Viewpoint by Angélica Maria Jácome Daza
The writer is FAO Director, Office for Small Island Developing States (SIDS), Least Developed Countries (LDCs) and Landlocked Developing Countries (LLDCs).
BRUSSELS (IDN) – The possible food crisis that could be triggered by the effects of COVID-19 differs significantly from traditional food crises brought on by conflict or natural disasters. In contrast to the food crisis of 2007 and 2008, the current challenge is about ensuring food access, not food availability.
The devastating impact of the pandemic and the related lockdowns on the global economy have placed food security and nutrition at risk, generating new food insecurity hotspots; with the Small Island Developing States (SIDS) being among those facing the greatest threat.
Why are islands at greatest risk?
Experience has demonstrated that SIDS are particularly vulnerable to external economic shocks, climate change and natural disasters. During the Great Recession, SIDS saw their incomes plunge. And generally speaking, these islands have limited access to global markets given their remote locations.
Moreover, vulnerability is compounded by the fact that many SIDS rely on food imports as well as revenue from the tourism industry. The World Tourism Organization (UNWTO) projects a 60 to 80 per cent decline in international tourism as a result of the pandemic.
The impact of the lockdown on the flow of remittances may also affect household wages. In addition, the consumption of more economical and non-perishable, but highly processed food, further aggravates the emerging challenge of malnutrition and high rates of diet-related non-communicable diseases.
In this complex context, many SIDS also face an active cyclone or hurricane season, which could exacerbate the challenging situation.
What can we do about it?
While a one-size-fits-all approach does not exist, support to SIDS to build back better – through sustained efforts to increase their resilience and diversify income sources – is essential. It is also vital to maintain a functioning food supply chain supported by COVID-19 protocols.
The provision of emergency food assistance, coupled with the strengthening of social protection programmes, plays an important role in mitigating the negative impacts of the pandemic on food security and livelihoods of the most vulnerable populations.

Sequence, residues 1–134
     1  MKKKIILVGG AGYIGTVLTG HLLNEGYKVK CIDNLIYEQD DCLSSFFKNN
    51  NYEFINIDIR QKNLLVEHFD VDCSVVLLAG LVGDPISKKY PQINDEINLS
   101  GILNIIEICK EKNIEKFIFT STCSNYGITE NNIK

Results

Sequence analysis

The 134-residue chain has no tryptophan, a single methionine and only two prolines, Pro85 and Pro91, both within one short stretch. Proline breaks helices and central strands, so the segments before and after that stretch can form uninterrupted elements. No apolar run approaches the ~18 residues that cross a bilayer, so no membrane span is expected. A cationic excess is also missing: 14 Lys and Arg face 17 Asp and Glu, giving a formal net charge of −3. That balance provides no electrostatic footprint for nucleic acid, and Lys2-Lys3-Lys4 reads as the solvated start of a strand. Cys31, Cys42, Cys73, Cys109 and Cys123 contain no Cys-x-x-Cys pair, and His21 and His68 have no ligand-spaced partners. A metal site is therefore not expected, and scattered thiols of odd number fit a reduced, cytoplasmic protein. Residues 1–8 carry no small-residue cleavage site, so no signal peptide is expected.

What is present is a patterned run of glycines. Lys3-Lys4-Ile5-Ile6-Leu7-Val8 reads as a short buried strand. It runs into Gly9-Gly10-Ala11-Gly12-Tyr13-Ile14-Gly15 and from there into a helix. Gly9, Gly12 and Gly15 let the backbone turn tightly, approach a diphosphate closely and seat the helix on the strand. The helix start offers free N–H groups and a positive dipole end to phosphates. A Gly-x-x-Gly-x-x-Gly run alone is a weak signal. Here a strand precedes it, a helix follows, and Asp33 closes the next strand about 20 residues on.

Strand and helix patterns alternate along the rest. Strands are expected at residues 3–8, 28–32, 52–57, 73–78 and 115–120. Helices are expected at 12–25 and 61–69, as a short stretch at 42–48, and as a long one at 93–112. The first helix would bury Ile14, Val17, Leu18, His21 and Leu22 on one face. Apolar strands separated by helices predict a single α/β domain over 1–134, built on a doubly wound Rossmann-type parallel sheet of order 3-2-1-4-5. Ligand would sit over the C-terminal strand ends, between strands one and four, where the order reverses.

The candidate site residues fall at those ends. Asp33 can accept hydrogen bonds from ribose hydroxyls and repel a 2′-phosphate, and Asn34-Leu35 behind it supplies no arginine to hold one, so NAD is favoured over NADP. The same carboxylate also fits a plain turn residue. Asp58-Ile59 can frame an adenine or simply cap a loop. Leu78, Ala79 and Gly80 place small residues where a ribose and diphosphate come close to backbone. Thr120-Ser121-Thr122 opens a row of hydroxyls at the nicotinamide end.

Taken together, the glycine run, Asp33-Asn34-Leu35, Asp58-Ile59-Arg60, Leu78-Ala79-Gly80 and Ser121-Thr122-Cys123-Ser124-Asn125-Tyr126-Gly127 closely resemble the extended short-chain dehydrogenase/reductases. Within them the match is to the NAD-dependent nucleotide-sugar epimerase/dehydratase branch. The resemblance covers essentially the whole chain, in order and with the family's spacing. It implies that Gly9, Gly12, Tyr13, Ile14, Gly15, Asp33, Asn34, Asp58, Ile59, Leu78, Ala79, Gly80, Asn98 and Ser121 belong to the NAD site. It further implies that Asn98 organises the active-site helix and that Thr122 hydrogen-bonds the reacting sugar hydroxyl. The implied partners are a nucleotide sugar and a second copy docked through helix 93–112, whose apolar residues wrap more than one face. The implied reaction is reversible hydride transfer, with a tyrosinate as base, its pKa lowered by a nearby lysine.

Net food importers should consider diversifying strategies to boost their resilience to shocks through, among others, increasing intra-regional trade; increasing local vegetable production, which is more cost-effective through controlled environments; incentivizing the use of home gardens to produce fresh foods; offering digital services for agriculture; and exploring innovative production methods. In turn, these measures could spark a new virtuous economic cycle in which a reactivated tourism industry buys local.
Similarly, complemented by reliable information related to the purchase and consumption of nutritious foods, the increased availability of fresh foods could contribute to an improved nutritional situation.
It is also of paramount importance to recognize the evolving nature of the pandemic, which demands swift and flexible responses. At the same time, it is necessary to accept the uncertainty surrounding the expected duration of COVID-19. We must prepare and be ready to respond accordingly with programmes that will sustain the lives and livelihoods of those most affected, by building more resilient food systems.
Finally, the COVID-19 pandemic offers a unique opportunity to bring about structural change. We cannot go back to a “normal” where 75 million children under age five are stunted, and where 135 million people are experiencing acute food insecurity. We must act now and unite to rebuild a better tomorrow, end hunger and achieve food security and nutrition for all. [IDN-InDepthNews – 15 December 2020]
Photo credit: FAO
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